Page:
Authors: Sameera Ibrahim*, University of Wisconsin - Madison
Topics: Political Geography
Keywords: Refugees, EU, deportation
Session Type: Virtual Paper
Start / End Time: 3:05 PM / 4:20 PM
Room: Virtual 42
Presentation File: No File Uploaded
The terms and labels used to categorize those who cross international borders are not value-neutral, but are laden with political meanings around ‘worthiness,’ ‘deservingness,’ and ‘innocence.’ Beyond merely symbolic or bureaucratic representations of those seeking safety, these labels have material and life-altering consequences, determining who is ‘deserving’ of international protection and who is excluded from it. The case of Afghan refugees in the EU exposes the contradictory and confounding ways these discursive labels are circulated and deployed in asylum status determinations. While Afghans are the second largest refugee group in the world, they are subject to the most deportations in the EU. In response, several anti-deportation groups and networks have mobilized across the EU to protest Afghan deportations, co-opting the same political discourses around safety and deservingness. The reframing of these statist, top-down narratives around who can and cannot be granted asylum not only pushes back against xenophobic rhetoric and the EU’s anti-migrant policies, but also creates new forms solidarities with refugees.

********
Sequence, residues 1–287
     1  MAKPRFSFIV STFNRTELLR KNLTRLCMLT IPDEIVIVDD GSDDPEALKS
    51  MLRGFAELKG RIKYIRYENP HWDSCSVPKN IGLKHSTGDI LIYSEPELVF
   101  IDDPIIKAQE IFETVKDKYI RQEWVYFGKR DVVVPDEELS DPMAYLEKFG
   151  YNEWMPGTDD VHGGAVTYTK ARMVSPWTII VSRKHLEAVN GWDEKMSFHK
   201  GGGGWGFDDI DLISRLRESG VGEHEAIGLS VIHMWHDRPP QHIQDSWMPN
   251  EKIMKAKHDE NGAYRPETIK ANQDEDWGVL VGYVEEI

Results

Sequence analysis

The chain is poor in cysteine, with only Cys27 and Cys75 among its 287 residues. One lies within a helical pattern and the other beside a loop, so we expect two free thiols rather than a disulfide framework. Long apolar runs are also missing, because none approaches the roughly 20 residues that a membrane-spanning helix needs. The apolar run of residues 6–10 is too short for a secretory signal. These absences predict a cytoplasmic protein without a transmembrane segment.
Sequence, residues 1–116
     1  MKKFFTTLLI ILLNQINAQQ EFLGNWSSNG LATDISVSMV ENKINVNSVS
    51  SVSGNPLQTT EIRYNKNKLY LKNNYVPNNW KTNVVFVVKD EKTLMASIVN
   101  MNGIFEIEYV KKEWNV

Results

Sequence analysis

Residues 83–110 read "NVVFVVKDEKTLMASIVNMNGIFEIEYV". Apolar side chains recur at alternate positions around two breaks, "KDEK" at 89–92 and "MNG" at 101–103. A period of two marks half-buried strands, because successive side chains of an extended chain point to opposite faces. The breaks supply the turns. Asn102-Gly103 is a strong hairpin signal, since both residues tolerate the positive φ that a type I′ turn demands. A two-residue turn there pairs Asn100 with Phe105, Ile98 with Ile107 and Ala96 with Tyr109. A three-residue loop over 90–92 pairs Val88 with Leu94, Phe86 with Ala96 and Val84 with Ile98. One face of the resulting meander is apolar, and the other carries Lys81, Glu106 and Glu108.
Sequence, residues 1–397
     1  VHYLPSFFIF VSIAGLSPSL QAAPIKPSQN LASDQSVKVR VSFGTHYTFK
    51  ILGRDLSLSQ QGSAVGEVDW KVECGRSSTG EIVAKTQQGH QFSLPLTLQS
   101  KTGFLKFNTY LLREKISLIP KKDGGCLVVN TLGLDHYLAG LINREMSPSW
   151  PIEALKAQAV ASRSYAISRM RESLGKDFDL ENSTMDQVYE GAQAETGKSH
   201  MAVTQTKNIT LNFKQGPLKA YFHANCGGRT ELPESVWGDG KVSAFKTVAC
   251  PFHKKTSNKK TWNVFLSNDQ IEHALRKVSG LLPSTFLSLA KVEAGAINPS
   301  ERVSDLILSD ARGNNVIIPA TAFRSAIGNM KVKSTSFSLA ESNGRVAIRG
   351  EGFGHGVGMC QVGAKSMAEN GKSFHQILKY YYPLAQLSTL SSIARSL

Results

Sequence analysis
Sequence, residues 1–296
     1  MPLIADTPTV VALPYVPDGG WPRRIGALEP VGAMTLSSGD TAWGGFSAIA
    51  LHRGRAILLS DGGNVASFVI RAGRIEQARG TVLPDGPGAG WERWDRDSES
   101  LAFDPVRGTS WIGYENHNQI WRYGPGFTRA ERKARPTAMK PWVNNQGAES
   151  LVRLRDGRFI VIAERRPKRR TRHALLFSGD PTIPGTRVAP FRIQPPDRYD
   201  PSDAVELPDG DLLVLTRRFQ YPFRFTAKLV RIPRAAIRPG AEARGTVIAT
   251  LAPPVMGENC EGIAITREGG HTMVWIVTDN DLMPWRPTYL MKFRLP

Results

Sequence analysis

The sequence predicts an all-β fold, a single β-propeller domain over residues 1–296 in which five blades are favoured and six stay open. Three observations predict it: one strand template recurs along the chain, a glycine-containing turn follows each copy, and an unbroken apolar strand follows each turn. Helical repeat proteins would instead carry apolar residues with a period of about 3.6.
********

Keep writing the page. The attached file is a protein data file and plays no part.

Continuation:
This paper examines the solidarities and networks of care that have emerged between Afghan refugees and anti-deportation activists. How do these acts of political protest respond to the securitization and racialization of the EU migration regime? What new forms of solidarities and care emerge between EU citizens and refugees? What new forms of citizenship emerge among refugee groups themselves? In exploring these questions, this paper draws on and contributes to feminist migration scholarship centered on the intimate connections, embodied experiences, and resistance to violent border regimes.